China News Agency, Houston, July 29. The Boeing Company of the United States announced on the 29th the financial report for the second quarter of this year, and said it plans to take measures such as further production cuts and layoffs to save money.
According to Reuters, affected by the new crown epidemic and the grounding of 737 MAX models, the US aircraft manufacturer achieved revenue of US$11.807 billion in the second quarter, a year-on-year decrease of 25%; a net loss of US$2.395 billion and a net loss of 29.42 in the same period last year. Billion US dollars, the loss narrowed by 18.6%. As of the end of June this year, Boeing’s debt reached US$61.4 billion.
Boeing's second-quarter performance was worse than expected. The company's CEO Calhoun said on a conference call on the 29th, "We are experiencing challenges that we have never experienced in our lives." Calhoun expects the impact of the new coronavirus pandemic on the company to continue until the end of this year.
According to the "Wall Street Journal" report, Boeing delivered 20 commercial aircraft in the second quarter, of which 4 were 737 series aircraft. In the same period last year, the delivery volume was 90, including 24 737 series aircraft.
Calhoun said that due to the impact of the new crown epidemic, during the second quarter, the number of positive cases of new crown among Boeing factory workers increased, leading to the temporary closure of many factories and "production speed was much slower than expected."
In addition, the company's chief financial officer Smith said that the market for new aircraft is shrinking, and Boeing will further reduce aircraft production. Specific measures include delaying the time to market of the 777X aircraft to 2022 and considering the integration of part of the aircraft assembly business of the three major factories.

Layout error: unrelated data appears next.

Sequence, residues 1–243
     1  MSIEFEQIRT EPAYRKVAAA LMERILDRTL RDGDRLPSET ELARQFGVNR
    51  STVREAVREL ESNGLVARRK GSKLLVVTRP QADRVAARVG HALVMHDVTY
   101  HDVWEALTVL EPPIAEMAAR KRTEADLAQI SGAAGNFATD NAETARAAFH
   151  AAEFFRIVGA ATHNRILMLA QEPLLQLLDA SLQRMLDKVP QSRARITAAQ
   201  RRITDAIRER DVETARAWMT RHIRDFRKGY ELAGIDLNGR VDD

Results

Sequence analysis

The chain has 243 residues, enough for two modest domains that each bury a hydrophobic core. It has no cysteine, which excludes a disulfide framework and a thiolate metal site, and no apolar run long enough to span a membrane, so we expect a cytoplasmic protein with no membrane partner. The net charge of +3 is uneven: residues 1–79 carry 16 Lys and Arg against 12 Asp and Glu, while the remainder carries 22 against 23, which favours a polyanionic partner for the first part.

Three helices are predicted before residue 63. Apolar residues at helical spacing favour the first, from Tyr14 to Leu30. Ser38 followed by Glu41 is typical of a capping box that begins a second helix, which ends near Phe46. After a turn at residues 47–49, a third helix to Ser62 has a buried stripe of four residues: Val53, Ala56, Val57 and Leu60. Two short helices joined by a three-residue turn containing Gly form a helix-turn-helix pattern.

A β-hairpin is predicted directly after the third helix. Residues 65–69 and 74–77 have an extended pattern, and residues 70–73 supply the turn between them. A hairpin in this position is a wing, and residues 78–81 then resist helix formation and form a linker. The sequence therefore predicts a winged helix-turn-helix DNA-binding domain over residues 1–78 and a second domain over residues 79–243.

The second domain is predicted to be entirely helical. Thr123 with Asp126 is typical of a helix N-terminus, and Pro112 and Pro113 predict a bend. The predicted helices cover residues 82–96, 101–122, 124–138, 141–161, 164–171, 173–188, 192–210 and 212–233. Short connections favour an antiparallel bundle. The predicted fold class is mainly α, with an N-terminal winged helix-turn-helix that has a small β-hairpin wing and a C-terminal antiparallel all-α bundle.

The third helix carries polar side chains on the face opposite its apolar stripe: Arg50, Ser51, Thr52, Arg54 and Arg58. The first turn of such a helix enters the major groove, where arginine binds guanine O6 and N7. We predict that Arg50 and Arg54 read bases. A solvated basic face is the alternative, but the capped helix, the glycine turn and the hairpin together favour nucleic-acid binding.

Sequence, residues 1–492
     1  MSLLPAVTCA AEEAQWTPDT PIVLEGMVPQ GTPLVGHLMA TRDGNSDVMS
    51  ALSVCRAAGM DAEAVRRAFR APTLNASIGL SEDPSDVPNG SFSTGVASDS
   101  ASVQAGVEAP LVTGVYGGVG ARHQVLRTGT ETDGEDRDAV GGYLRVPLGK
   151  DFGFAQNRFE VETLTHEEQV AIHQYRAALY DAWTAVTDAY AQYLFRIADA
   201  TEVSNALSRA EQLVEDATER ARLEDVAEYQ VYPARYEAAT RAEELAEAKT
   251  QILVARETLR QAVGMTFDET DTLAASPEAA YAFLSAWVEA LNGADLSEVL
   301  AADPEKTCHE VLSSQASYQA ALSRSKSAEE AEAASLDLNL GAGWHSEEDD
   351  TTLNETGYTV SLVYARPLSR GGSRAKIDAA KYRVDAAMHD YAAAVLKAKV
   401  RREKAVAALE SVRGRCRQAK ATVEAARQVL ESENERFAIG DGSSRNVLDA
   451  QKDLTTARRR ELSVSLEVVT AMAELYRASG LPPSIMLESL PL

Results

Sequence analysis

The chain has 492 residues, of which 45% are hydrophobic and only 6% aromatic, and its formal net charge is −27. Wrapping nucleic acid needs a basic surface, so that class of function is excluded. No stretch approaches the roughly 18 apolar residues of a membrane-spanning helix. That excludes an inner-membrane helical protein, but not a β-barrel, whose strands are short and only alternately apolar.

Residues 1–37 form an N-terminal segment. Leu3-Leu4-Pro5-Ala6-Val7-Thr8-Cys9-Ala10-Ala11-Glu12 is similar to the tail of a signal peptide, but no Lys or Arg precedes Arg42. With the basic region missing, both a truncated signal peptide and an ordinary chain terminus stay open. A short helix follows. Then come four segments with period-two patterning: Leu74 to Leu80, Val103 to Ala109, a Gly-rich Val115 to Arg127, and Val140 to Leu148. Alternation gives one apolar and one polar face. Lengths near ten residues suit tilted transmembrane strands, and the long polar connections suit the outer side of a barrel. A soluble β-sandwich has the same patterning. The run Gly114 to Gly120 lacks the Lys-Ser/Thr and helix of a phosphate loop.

Boeing also said that within this year, the company has laid off 19,000 employees and will further layoffs. Boeing previously announced plans to lay off about 160,000 employees, accounting for about 10% of the company's total employment.
It is worth mentioning that the "Wall Street Journal" believes that Boeing's plan to reduce the scale of its business will make the aircraft manufacturing giant increasingly dependent on the defense business. Boeing’s defense business sales in the second quarter were flat compared with the same period last year and were four times higher than the commercial aircraft business.
In addition, the Boeing 737 MAX has been banned from flying for 16 months after two crashes. On June 29, Boeing launched a certification test flight for the aircraft under the supervision of the Federal Aviation Administration (FAA) in order to obtain a go-around permit. Boeing expects that this type of passenger aircraft will go around in the fourth quarter of this year. (Finish)